• The cancer is still in the area where it started and is on one side of the body. It has spread to lymph nodes that are relatively nearby but on the other side of the body.
    • The cancer is in the middle of the body and is growing toward both sides (either directly or by spreading to nearby lymph nodes) and cannot be removed completely by surgery. - need to indent one more level when available in WYSIWYG
  • Stage 4: The cancer has spread to distant sites such as distant lymph nodes, bone, liver, skin, bone marrow, or other organs (but the child does not meet the criteria for stage 4S).
  • Stage 4S (also called “special” neuroblastoma): The child is younger than 1 year old. The cancer is on one side of the body. The neuroblastoma has spread to the liver, skin, and/or the bone marrow. However, no more than 10% of marrow cells are cancerous, and imaging tests such as an MIBG scan do not show that the cancer has spread to the bones.
  • Recurrent: While not formally part of the staging system, this term is used to describe cancer that has come back (recurred) after it has been treated. The cancer might come back in the area where it first started or in another part of the body.

Your child’s physician, in conjunction with a multidisciplinary team of specialists, will determine a specific course of treatment for your child’s neuroblastoma based on the tumor risk group and other factors. The types of treatment that are used in neuroblastoma may include:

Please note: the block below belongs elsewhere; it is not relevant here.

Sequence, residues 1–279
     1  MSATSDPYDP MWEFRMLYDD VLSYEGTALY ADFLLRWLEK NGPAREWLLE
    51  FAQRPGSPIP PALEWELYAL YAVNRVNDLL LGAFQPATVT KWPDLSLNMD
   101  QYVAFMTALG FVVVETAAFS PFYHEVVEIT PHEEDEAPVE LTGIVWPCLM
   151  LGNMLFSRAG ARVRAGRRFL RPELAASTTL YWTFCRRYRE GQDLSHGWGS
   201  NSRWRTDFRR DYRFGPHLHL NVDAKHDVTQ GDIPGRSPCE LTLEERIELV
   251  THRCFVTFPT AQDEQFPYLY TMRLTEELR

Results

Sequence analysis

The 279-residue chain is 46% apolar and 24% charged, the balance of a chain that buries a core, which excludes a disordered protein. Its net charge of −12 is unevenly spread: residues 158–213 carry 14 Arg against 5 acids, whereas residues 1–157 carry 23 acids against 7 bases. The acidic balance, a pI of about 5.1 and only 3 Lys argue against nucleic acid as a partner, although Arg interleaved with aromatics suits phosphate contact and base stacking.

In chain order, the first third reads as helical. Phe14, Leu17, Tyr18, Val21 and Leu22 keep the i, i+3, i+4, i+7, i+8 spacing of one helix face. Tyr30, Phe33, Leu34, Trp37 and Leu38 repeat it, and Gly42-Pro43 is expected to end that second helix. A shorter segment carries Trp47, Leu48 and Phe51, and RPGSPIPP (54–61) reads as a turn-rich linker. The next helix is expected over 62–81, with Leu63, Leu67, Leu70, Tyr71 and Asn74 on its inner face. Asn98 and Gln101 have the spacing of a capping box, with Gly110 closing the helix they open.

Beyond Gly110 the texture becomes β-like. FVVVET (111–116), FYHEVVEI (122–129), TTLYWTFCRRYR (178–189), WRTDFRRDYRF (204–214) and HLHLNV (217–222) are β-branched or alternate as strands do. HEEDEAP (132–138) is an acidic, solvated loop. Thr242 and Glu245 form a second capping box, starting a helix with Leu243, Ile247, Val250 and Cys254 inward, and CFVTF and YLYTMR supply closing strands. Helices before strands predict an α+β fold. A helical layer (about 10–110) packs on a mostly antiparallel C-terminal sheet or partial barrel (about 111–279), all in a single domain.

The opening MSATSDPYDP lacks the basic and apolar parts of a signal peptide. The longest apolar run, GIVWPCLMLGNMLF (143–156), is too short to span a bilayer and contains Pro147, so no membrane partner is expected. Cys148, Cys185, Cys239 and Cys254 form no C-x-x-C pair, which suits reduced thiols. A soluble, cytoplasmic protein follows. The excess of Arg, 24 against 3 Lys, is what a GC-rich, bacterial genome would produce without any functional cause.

• Surgery: To remove the tumor either at diagnosis or after using chemotherapy or radiation to make the tumor smaller.
  • Chemotherapy: To decrease the size of the tumor, kill tumor that has spread and prevent further tumor spread.
  • Radiation: To kill neuroblastoma cells left behind after chemotherapy and/or surgery. It is also sometimes used for patients who need immediate treatment of a tumor that is pressing on an important nerve or the spinal cord.
  • Stem cell transplant: High-risk patients may require stem cell transplant as part of their treatment. This involves replacing blood-forming cells in the bone marrow that have been killed by chemo and/or radiation therapy. Often a child’s own bone marrow is collected and then given back to the patient at a alter date. This is known as an autologous stem cell transplant
  • Biologic therapy: Newer targeted therapies, known as immune therapies, are often utilized for the treatment of neuroblastoma. Immune therapies include drugs known as monoclonal antibodies which target neuroblastoma cells, as well as special vitamins such as retinoic acid (isotretinoin) which help the body eliminate neuroblastoma.

These different types of treatments are used alone or in combination depending on the neuroblastoma risk group. In general, recommended treatment for the three neuroblastoma risk groups is:

  • Low-risk neuroblastoma: Patients with low-risk neuroblastoma usually require only surgery and/or observation. Occasionally, a patient with a low-risk tumor will need chemotherapy (or radiation treatment) to shrink a tumor before it is removed
  • Intermediate-risk neuroblastoma: Patients with intermediate-risk disease are treated with chemotherapy to shrink the tumor before the tumor can be surgically removed.
  • High-risk neuroblastoma: High-risk neuroblastoma is an aggressive disease that is treated with a multimodality therapy including chemotherapy, surgery, radiation, stem cell transplant and biologic therapy.

What clinical trials does Ochsner Hospital for Children offer for neuroblastoma treatment?

As part of the Children’s Oncology Group, Ochsner Hospital for Children is an active participant in children’s cancer research. We currently have multiple clinical trials available to treat children and young adults with neuroblastoma.